Mark nodded in agreement, “I cannot disagree with you here.”
“Mark, it’s not normal. We were taught to ‘reveal higher levels of knowledge’ only to those who are ready. The TM insider definition of ‘those who are ready’ means those who’ve relinquished critical thinking so that they’ll slowly accept a alternative life paradigm, then pay Maharishi’s organization thousands of dollars to maintain their status.”
Mark added, “When I was on Purusha, rich kids like the Daniels’ kid could do whatever they wanted. They didn’t follow ‘Program,’ at all and never got into trouble. The rest of us had to stay strictly on ‘Program’ or be reprimanded.”
“That’s right, it’s about keeping the wealthy happy so they’ll continue to donate. You saw that. It’s not about spirituality. A valid organization does not hide their hierarchy to the outside world – whether it’s a business, church or political institution.”
Mark defended the Movement, with standard insider justifications, “Going into the future, if the Movement survives they might not need to hide the hierarchy anymore. It’s an early developmental stage of the Movement. Early Christianity probably kept secrets. The Catholic Church has a robbed monastic hierarchy too.”
“Mark, first off the Movement tells the world that Transcendental Mediation is not religious. You know differently. I’m not an expert on the history of the Catholic Church. I know that Catholicism began with a public alliance with Rome’s government under the Emperor Constantine. Today, anyone entering a Catholic church knows the existence of priests, nuns, convents, monasteries, the palatial Vatican, extremes of Opus Dei and their holy communion. The basic structure of Catholicism is not hidden, whether one accepts the teachings or not. The basic structure of Transcendental Mediation is hidden by presenters who try to bring this to school children, businesses and other groups. That is a classic mark of a destructive cult.”
Joe added, “The people who went psychotic on the long rounding courses are split inside themselves, from the trance technique and dissociation that can occur. That’s not higher consciousness, that’s an aberrant dissociative state.”
Mark almost whispered, “I know people who went crazy and others who committed suicide. Someone recently.”
“I know, Mark. I’m sorry.” I momentarily placed my hand on his, “We all lost loved ones in the Movement. I knew the Swarz family too.”
“You knew them?” He looked up.
“Yes, a long time ago, when Daniel was a baby. They are good people. It’s sad.” I sighed, “Mark, many of them did not need to go insane or die. They could have accessed real help.”
“But those who became schizophrenic already had a weakness toward that. TM didn’t make them that way.” Mark declared.
“Maybe some had a propensity for mental problems, But TM should not be marketed as panacea for everything. If TM teachers really helped, they could refer troubled meditators to appropriate professionals, rather than direct them more deeply into the Movement for solutions.”
“The Movement changed.” Mark returned to a defensive stance. “They don’t tell people to continue to meditate thought unstressing. You’re talking about the old days. Those old directions changed. It’s better.”
Joe looked momentarily surprised, he turned to me, “The Movement doesn’t encourage long rounding anymore?”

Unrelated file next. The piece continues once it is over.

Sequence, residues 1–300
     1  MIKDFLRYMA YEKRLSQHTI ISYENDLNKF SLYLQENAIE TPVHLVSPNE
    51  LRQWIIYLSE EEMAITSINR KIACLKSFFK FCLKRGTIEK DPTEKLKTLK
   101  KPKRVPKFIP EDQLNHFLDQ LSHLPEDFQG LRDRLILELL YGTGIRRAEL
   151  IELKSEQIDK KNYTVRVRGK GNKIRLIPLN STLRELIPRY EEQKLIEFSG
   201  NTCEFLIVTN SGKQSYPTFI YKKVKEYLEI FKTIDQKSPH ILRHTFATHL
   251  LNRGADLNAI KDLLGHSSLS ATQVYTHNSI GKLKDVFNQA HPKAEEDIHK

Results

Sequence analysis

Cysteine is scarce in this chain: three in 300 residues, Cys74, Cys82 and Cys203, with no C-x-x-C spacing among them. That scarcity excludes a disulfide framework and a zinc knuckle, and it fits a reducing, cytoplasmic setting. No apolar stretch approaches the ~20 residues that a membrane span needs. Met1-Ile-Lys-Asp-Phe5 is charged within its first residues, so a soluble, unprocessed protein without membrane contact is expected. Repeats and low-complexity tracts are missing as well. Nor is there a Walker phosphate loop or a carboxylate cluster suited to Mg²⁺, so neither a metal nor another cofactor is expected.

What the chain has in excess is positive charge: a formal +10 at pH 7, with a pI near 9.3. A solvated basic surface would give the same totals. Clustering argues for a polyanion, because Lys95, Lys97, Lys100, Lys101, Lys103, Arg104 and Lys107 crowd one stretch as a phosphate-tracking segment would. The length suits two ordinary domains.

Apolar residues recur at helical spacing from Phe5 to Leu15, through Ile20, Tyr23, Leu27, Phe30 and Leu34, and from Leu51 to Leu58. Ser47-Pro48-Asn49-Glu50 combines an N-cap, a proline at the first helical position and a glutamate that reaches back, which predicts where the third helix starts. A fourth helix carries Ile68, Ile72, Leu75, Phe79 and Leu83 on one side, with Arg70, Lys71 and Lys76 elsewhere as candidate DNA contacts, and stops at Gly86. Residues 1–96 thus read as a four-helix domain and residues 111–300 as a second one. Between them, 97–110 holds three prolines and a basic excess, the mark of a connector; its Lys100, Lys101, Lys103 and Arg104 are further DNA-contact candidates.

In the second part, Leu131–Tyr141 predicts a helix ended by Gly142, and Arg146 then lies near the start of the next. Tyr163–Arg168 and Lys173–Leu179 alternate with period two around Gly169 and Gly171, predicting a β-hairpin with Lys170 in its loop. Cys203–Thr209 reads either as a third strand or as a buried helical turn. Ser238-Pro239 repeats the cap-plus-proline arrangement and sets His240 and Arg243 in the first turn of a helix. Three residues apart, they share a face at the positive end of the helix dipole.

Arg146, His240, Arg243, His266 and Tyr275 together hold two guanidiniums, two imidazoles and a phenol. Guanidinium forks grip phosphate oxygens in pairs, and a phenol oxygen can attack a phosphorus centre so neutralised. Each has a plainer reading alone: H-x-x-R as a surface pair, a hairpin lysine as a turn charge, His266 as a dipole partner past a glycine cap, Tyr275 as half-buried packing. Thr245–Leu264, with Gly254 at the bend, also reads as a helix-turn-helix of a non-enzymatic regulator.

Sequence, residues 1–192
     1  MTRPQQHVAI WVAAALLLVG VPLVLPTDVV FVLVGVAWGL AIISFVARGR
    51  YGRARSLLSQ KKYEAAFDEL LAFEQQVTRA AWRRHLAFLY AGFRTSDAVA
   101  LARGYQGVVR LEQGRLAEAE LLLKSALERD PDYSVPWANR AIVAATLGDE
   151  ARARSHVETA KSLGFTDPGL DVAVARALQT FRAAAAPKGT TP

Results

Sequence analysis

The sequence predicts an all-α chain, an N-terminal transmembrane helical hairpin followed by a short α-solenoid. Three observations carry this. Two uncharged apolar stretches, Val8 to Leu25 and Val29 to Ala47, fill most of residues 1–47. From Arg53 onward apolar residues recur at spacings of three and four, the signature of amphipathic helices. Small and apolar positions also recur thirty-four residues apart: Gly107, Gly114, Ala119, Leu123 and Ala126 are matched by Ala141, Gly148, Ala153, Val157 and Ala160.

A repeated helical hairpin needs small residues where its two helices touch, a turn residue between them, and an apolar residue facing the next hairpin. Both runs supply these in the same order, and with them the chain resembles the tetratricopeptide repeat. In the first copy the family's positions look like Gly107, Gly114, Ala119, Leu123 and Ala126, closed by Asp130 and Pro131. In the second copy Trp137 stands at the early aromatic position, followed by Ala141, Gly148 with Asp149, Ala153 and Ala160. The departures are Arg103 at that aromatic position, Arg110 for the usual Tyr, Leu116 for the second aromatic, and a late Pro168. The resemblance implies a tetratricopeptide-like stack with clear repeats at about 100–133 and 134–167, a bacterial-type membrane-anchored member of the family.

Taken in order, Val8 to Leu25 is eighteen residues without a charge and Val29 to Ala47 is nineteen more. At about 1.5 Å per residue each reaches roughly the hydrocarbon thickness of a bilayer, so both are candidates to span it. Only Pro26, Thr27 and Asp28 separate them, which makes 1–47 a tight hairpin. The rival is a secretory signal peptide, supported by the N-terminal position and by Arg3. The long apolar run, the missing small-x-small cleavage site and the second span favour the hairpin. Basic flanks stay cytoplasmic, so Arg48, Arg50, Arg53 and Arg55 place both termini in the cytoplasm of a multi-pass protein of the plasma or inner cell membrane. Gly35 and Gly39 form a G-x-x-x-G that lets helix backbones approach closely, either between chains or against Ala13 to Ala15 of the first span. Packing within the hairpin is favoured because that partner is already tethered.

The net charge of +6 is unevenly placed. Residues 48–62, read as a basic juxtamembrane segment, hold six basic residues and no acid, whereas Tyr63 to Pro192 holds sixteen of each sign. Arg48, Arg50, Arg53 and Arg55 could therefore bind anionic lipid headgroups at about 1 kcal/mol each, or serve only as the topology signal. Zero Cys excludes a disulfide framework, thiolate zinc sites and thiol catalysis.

“Joe, they don’t push the long meditations as much as they used to.” I explained, “I think they tired of the law suits. Now they sell other products to keep the money coming. Untested Ayurvedic therapies, spa treatments, magical architecture plans for thousands of dollars, special gemstones, yagyas to balance the doshas, fundraising arms for donations to spread TM elsewhere and generate new recruits.”
“What are doshas?” asked Joe
“Some type of mystical body energetic tendencies. I refused to learn them. It’s a theory that creates a market for Maharishi teas and other magic for enlightenment. They changed products to suit a changing market. Have to maintain the novelty factor.”
I continued, “For example, yagyas were the big push some years back. For thousands of dollars a person could buy mystical prayer ceremonies performed by invisible Indian pundits. When I nearly died of a car accident in 1999, as a single mother of three with one in college, my mother was pleased to have purchased a $10,000 yagya for my recovery. My daughter was confused when her grandmother sent thousands of dollars to India while our family was in a survival crisis. We were were trying to keep our home and continue my daughter in college when I had almost died. I explained to my daughter that was the best her grandmother could offer. We shouldn’t take it personally, just pretend we don’t have a grandmother because she’ll never be able to provide real support.”
I turned to Mark next me, “That’s what a cult looks like. You’ve seen it. It’s not about deep rest, nor consciousness, nor spiritual growth. It’s money for Maharishi’s family.”
Mark quietly nodded; he didn’t respond.
At this time, I thought to myself, I cannot save Mark. I’m not a professional exit counselor. Bringing someone out of cult-think, without precipitating an identity crisis or anxiety attack is the purview of experts. Mark still self-defines by the fantasy. He wants to create his life outside of the Movement, seeing some insanity in his family’s behaviors. It’s not possible to live both worlds. Mark’s family and entire history are defined by Maharishi. What would be left for Mark if he leaves TM fully? He may awaken in his own time, or not. It’s not my responsibility to convince him.